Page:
Supporters Over the Moon as Candidate Ends Campaign in Busan

Presidential hopeful Moon Jae In of the Democratic United Party
makes his final campaign in Busan on Dec. 18

Presidential hopeful Moon Jae In of the Democratic United Party
makes his final campaign in Busan on Dec. 18

Campaigns for South Korea’s 18th presidential election were in full swing in Busan tonight, with only hours remaining on the clock before the opening of the polls tomorrow, December 19th. Candidate Number 2, Moon Jae In, the leader of the opposition Democratic United Party (DUP), arrived at Busan Station at approximately 9:00 PM, greeted by a roar of applause and shouts from his supporters.

Democratic United supporters crowd Busan Station

The party faithful arrived early to secure the best spots for viewing the action and to catch a glimpse of their political hero. Dressed in layers and heavy winter gear to battle the negative temperatures, supporters jumped and waved before Moon’s arrival not just out of excitement, but for warmth. Many sported scarves, hats and jackets in the bright yellow and green colours of the DUP. Supporters of all ages braved the cold to see Moon, and they waved banners, balloons, and over-sized taegukki, the flag of South Korea. Elderly men shook their fists in support, their skin cracking against the cold, while young fathers hoisted their babies onto their shoulders so that they too could see commotion. Mothers, daughters, and granddaughters clung to one another, their faces wrapped in masks and their hair covered in hoods. Couples young and old smiled and shouted to one another, and families seemed to group together, their children bouncing with anticipation.

News crews orbited the stage and reporters shed their winter coats for the camera, standing stoic in their suits despite the wind chill. All around them shouts and laughter could be heard; music blaring, and flashes popping. A hush fell over the crowd for just a moment as Moon finally arrived in view, and was followed instantly by an uproar of screams, whistles, and chants. “Moon Jae In, Daetongryong! Moon Jae In, President!” they shouted as every man, woman, and child was swept up into the excitement. “100%!” they promised and “Vote, vote, vote!” they pledged to a smiling Moon, waving with a black-gloved hand.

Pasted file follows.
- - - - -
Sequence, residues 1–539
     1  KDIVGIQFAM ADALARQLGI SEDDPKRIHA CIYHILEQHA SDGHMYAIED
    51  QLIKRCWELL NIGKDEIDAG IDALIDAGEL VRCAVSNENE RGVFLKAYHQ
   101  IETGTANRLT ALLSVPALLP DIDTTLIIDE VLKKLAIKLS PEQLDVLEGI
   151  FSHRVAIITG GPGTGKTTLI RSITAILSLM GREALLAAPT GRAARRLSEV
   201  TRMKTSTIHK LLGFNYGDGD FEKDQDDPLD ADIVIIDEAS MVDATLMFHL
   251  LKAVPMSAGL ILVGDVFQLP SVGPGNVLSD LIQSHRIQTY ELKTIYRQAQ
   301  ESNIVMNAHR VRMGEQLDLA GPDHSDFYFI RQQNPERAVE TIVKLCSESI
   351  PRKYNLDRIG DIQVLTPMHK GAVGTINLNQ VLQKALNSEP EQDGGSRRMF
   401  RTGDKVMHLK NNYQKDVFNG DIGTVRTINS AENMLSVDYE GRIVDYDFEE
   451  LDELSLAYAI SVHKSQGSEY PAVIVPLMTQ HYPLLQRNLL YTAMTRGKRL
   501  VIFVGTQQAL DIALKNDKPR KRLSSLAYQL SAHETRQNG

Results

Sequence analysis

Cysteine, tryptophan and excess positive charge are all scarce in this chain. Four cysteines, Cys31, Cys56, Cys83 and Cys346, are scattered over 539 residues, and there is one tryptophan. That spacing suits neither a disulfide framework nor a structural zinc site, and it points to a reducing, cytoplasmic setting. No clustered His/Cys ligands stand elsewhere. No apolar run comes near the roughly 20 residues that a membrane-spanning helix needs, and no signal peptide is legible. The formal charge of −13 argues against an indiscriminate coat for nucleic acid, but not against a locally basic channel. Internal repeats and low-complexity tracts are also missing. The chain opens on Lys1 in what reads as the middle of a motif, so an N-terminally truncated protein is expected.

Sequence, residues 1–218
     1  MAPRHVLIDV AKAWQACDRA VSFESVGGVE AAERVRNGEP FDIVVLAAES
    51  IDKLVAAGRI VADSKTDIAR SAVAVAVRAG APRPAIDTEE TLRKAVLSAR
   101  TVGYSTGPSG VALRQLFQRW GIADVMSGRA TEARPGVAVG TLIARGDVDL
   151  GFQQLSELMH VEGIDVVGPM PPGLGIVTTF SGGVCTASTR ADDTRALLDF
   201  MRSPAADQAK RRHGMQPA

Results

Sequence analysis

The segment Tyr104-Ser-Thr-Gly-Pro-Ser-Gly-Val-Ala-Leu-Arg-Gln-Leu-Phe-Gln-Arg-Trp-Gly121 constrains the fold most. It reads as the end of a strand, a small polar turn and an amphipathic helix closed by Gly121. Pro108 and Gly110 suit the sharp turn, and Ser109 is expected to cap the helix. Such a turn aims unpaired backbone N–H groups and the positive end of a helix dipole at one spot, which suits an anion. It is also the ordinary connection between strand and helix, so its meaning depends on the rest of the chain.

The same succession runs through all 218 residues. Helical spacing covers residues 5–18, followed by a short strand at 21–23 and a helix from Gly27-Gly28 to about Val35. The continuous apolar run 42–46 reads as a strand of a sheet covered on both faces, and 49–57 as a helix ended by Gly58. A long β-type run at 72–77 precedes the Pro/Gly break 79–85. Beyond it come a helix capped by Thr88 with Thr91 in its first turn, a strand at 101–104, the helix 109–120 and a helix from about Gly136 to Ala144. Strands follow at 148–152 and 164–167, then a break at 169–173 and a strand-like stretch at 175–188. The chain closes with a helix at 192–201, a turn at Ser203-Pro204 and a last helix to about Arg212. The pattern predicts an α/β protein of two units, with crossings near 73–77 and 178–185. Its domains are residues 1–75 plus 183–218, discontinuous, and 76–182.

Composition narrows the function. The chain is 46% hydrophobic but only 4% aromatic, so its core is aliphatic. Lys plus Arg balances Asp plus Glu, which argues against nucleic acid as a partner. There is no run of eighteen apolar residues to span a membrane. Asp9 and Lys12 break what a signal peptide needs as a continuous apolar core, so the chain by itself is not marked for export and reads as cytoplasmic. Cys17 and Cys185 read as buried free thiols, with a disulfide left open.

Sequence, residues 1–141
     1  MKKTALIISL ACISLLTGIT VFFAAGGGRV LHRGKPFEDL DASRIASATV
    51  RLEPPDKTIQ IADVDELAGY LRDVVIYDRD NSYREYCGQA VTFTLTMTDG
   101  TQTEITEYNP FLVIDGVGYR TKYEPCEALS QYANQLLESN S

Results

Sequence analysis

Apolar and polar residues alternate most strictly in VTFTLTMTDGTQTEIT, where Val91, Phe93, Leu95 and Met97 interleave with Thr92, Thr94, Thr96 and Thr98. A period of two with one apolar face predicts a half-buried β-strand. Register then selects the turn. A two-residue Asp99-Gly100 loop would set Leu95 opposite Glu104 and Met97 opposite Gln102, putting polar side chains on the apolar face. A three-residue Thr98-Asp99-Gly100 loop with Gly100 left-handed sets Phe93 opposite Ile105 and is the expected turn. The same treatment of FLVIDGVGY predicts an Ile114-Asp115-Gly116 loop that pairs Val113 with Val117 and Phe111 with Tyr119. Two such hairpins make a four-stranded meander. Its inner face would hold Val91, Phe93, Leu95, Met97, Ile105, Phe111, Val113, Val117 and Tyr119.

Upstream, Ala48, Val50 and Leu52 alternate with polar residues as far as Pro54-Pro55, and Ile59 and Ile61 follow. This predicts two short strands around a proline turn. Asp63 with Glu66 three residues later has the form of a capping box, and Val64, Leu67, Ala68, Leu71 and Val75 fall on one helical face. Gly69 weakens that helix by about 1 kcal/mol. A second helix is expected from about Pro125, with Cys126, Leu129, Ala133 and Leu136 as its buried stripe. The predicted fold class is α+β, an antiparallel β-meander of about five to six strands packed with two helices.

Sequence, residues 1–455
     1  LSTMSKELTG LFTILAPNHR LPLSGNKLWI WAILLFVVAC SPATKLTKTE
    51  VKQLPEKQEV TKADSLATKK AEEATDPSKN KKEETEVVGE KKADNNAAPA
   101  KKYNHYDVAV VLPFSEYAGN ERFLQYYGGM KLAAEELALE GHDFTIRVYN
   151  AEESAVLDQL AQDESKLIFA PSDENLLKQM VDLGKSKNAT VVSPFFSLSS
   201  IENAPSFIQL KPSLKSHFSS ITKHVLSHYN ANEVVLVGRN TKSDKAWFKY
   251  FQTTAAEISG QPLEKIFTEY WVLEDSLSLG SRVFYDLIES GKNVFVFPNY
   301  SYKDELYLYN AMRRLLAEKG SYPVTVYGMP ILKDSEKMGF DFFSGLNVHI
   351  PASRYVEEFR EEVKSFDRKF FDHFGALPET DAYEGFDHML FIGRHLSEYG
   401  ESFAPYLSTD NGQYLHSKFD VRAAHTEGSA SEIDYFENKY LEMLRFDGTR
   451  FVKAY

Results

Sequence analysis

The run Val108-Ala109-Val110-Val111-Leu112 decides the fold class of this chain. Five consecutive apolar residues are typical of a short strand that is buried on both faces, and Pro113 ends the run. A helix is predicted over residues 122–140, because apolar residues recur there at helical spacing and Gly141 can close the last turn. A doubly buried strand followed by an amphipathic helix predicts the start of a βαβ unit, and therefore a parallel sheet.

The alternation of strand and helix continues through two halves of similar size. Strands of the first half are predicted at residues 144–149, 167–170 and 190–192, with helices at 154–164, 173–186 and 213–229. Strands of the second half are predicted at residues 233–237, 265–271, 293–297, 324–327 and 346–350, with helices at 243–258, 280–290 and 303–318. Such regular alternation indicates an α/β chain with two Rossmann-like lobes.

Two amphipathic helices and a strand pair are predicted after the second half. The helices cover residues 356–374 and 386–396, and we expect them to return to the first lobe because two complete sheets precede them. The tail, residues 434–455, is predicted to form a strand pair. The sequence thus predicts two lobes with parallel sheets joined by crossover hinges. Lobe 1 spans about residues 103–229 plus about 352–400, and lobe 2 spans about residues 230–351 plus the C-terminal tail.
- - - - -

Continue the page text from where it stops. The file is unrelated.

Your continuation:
He approached the stage built into an 18-wheeler truck and outfitted with a large screen. “Friends, thank you!” he greeted them in the honorific form, bowing and smiling. He looked into the audience, his grey hair shining and his face glowing against his yellow parka. He began to speak, pausing every few minutes for applause and the spontaneous cheers that erupted from the crowds. All around people balanced on tip-toes and stretched their necks for a glimpse of the presidential hopeful. Shutters snapped and smart phones could be seen held high over heads, recording every moment. “People come first,” his campaign boasts and in this moment, people were united by his promise.

Flashing the number 2 and the party colours
in support of presidential hopeful Moon Jae In

As neared the end of his speech, Moon’s voice cast out over his increasingly joyful crowd who roared with delight at his every syllable, their applause thundering as he implored them to vote. “100%! 100%!” came the cries again, as Moon accepted flowers and posed for photos before he was escorted off stage by his smiling aides. The Korean national anthem followed, every member singing, swaying, and hugging; hands on hearts or in the air, their fingers shaped in a peace sign to represent the number two, for candidate Moon Jae In. Only moments later, one last burst of energy was summoned and a dance party broke loose as soon as a loud, thumping, upbeat melody filled the air. Teens twirled while seniors shuffled but everyone felt compelled to move in some way. The dancers, the singers, and all the supporters were thanked once again before they scattered, rushing to the train and subway stations, excitement not yet fading. Costumed workers reminded everyone to vote before dashing off to seek warmth for themselves. And just like that, it was over, the trucks and clean-up crews having removed nearly every trace of the event within twenty minutes of its conclusion.

Colourfully dressed workers implore you to vote!

Of course, the main event is yet to come, and nothing certain is concluded just yet. Along with the citizens of Busan and the rest of the country, I eagerly await the results of this, the 18th presidential election of South Korea.

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